Dario Minervini

The power of PET water

  • Abstract

Informations and abstract

Keywords: water, PET bottle, waste, orders of worth, ontological politics.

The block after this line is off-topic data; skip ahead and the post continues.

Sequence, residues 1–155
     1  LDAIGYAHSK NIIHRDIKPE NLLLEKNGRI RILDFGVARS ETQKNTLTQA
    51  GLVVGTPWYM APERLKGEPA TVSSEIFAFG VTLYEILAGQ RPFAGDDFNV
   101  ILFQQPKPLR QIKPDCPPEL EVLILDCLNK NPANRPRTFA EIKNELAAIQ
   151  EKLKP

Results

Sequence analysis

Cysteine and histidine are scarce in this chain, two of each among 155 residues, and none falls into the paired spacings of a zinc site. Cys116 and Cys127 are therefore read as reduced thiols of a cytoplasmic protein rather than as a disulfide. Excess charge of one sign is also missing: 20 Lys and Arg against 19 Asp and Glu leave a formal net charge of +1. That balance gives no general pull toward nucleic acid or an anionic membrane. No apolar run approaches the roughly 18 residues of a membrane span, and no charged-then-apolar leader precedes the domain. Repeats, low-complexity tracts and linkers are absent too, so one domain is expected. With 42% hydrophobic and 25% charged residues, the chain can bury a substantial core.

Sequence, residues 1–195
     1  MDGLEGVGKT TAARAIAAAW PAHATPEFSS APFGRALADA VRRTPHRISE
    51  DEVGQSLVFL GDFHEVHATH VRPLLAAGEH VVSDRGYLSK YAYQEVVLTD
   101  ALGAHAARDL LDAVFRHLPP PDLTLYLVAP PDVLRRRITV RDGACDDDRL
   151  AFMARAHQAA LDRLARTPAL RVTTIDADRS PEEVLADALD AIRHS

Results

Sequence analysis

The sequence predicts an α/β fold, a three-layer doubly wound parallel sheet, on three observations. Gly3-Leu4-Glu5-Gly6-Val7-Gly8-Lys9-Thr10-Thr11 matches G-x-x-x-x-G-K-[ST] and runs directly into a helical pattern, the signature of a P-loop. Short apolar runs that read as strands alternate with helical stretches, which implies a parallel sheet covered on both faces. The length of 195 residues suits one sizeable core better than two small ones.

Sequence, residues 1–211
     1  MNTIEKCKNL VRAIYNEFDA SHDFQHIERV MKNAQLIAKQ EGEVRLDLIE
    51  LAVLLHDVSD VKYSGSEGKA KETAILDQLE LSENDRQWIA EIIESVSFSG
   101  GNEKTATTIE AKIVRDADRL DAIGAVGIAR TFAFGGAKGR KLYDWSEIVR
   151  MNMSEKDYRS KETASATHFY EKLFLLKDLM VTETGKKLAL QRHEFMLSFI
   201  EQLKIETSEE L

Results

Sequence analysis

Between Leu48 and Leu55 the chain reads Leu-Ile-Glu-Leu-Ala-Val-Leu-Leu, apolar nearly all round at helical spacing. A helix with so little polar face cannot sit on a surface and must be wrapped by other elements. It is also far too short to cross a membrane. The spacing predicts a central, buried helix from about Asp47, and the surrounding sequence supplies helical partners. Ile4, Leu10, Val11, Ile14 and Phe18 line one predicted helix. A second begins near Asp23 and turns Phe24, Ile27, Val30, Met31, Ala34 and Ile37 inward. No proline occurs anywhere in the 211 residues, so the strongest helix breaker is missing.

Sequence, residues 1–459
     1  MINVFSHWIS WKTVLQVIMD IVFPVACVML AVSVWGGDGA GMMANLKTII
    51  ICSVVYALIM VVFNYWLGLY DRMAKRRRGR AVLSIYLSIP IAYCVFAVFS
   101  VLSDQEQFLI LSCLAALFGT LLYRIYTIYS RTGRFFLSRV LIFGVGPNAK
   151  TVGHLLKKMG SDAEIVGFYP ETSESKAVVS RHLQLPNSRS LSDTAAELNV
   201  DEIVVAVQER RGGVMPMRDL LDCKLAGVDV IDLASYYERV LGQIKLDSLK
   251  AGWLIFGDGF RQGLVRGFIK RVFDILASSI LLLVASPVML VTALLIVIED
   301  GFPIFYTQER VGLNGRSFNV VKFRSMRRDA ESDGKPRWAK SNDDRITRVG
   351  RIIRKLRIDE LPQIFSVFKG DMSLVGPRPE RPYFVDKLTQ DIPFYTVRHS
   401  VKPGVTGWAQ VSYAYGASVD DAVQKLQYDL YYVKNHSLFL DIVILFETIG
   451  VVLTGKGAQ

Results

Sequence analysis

Today global arguments against plastic are receiving greater media exposure. The viral and dramatic images of a plastic island floating in the Pacific Ocean as well as of marine animals trapped by waste packaging or contaminated by microplastic particles are constantly displayed even beyond environmental activist circles. Nevertheless, plastic packaging remains all-pervading in most people’s everyday lives. Indeed, it seems to reveal a very powerful socio-materiality that features the above-mentioned contradictory global scenario. This paper focuses on this «power», investigating how the intertwinement between an essential good and a versatile plastic device is translated into shared justifications. A pragmatic theoretical approach and a socio-material sensitivity lead this analysis to the topic of bottled water in order to examine the ways in which different actors consider the assemblage of PET bottles and mineral water as a valuable object. In particular, the article retraces the orders of worth (Boltanski, Thévenot 1991), values and normativities (Law, Singleton 2014) enacting the politics of a disposable object (Hawkins 2015). A «situated» methodology informed this research, collecting the different points of view (judgments, normative arguments, justifications, critiques, etc.) of those actors enacting the plastic bottle assemblage. In particular, interviews with key informants and document analysis were adopted to develop the empirical design. The chain of worth that legitimates bottled water was retraced, from production, through intermediation and logistics, retailing and consumption, to disposal/recycling. In the Conclusions paragraph, the research findings are discussed. A PET bottle represents a mobile, variable geometry and personal infrastructure. It disappears – just from the immediate distance of ordinary perception – once customer needs are met. This is only one example of how the worth of this moral object is enhanced within a contradictory world, where environmental urgencies are claimed by the same people who used to drink plastic bottled water.

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